- WordPress Theme Tutorial Introduction
- Developing Theme Sense
- Theme Development Tools
- Creating a Theme HTML Structure
- Template and Directory Structure
- Setting Up Your Theme Functions
- Secure Your WordPress Theme
- The Header Template
- The Index Template
- The Single Post, Post Attachment, & 404 Templates
- The Comments Template
- The Search Template & The Page Template
- The Archive Template
- The Sidebar Template & The Footer Template
- Reset-Rebuild Theme CSS & Define Your Layouts
- Custom Background & Custom Header
- Distributing Your WordPress Theme
Today’s Jetpack 1.8 release makes the WordPress.com default mobile theme available for WordPress.org sites. If your site has not been optimized for mobile devices, you can provide a clean, readable interface for your mobile visitors with the WordPress.com mobile theme.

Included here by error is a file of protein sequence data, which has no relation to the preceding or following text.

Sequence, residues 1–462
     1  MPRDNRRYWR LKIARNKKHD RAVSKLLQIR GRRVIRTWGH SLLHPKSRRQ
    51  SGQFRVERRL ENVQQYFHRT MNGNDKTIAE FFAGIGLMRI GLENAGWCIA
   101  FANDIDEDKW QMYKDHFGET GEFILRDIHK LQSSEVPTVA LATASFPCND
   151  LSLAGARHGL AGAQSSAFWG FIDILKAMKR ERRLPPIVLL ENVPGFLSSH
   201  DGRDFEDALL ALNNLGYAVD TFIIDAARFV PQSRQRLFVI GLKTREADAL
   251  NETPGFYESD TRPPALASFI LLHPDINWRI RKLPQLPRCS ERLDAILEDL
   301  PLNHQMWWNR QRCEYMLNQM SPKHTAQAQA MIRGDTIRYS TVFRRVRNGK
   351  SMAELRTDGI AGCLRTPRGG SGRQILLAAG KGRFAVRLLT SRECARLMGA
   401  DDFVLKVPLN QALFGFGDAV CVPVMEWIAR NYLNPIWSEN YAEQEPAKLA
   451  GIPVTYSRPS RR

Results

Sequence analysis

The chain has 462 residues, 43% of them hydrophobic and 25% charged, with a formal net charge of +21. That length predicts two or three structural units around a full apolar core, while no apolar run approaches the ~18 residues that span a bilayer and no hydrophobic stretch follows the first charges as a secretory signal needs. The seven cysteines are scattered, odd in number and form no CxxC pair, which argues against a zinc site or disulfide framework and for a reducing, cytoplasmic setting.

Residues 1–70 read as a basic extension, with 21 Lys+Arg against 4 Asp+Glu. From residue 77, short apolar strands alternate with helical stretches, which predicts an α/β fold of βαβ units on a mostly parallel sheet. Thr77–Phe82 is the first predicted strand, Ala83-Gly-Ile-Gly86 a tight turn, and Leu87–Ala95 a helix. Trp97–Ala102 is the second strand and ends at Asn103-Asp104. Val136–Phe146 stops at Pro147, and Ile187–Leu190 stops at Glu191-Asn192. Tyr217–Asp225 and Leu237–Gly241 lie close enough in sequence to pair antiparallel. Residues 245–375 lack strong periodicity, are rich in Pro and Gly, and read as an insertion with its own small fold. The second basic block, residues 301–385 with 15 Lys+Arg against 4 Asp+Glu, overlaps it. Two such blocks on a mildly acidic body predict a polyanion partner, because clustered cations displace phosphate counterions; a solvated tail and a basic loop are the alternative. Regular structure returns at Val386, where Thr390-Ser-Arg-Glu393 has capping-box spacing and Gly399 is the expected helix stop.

SpriteCow is a nifty tool that generates CSS for your image sprites. Upload a sprite, click on the desired region and — like magic — SpriteCow will generate a CSS snippet containing the background position, width, and height for that region.
At the time of this writing, SpriteCow only works in Chrome, Firefox, Opera, and IE10 (Safari is not supported).
Did you know that there’s a WordPress.com-specific version of Underscores?
By adding a special parameter, your download will include special code used only in themes on WordPress.com. Use it to make the greatest theme ever, and send it in to themes [at] automattic.com for consideration!